Jacques Dumont was a French history and portrait painter, called ‘the Roman’ from his youthful residence at Rome and to distinguish him from other artists named Dumont, notably his fellow-academician Jean-Joseph Dumont. His father Pierre was a court sculptor to the duke of Lorraine and his elder brother, François was also a sculptor. His time in Rome is not well documented but he was certainly exhibiting at the Paris Salon in 1727 and a year later he was received as a member of the Académie Royal de Peinture et de Sculpture. At meetings he terrorized his fellow-academicians with his acerbic and caustic wit. When the engraver Le Bas was refused by the academicians, he remarked, “Stick a chalk-holder up his ass and he’ll still draw better than you.” In 1731 he was appointed painter to the tapestry manufacture at Aubusson and served in that capacity until 1755, forming a school of designers there that raised the overall standards of quality. It is recorded that his contract required six cartoons and three designs for pile carpets annually. When the official paintings school – the École Royale des Elèves Protegés – opened in January 1749, Dumont was appointed governor, but withdrew after three months, citing insufficient funds supporting the new institution.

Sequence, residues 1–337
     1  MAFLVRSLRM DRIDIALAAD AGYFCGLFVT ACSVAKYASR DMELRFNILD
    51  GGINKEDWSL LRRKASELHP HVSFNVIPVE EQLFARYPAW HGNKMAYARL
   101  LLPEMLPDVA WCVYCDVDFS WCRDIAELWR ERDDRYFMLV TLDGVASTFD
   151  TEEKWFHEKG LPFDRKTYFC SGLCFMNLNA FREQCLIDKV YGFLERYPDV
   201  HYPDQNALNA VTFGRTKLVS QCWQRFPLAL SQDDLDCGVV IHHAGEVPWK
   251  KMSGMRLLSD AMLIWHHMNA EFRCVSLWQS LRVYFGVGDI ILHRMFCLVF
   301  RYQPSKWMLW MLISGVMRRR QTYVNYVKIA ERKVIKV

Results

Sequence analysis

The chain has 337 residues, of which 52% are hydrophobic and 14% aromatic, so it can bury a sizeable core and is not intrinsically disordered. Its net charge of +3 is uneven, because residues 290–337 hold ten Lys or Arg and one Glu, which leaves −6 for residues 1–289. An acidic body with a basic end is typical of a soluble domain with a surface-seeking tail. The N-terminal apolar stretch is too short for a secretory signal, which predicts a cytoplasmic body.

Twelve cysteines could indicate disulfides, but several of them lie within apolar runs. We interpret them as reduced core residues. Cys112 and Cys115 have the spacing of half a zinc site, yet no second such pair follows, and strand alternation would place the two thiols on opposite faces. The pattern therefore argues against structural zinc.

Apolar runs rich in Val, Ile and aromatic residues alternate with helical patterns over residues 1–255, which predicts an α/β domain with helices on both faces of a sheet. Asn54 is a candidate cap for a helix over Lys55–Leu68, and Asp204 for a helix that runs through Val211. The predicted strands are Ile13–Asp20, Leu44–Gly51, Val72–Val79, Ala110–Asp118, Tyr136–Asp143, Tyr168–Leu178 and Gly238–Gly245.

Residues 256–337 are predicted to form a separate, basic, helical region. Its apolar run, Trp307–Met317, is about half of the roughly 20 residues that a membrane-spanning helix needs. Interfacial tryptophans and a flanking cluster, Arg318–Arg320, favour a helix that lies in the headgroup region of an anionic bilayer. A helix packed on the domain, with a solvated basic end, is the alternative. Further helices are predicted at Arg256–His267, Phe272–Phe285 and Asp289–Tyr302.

This pair of delightful chalk drawings emphasize his abilities as a draughtsman. The subject is perhaps one which might have been used in the creation of a tapestry though the composition also suggests that they were intended as finished works in their own right. The abundant foliage is hallmark Dumont as is the playful nature of the Putti, their plump forms rendered confidently in the colourful chalk. Dumont’s rococo manner certainly echoes that of François Boucher, the most well known exponent of the style in painting in France. Given the humour of Dumont it is perhaps intentional that the posture of one Putto in these drawings closely mirrors the pose of the Blonde Odalisque – possibly a mistress to Louis XV – in Boucher’s celebrated canvas of 1752. The other suggests a playful take on Eve reaching up for the forbidden fruit, inferring the sinful nature of over indulgence.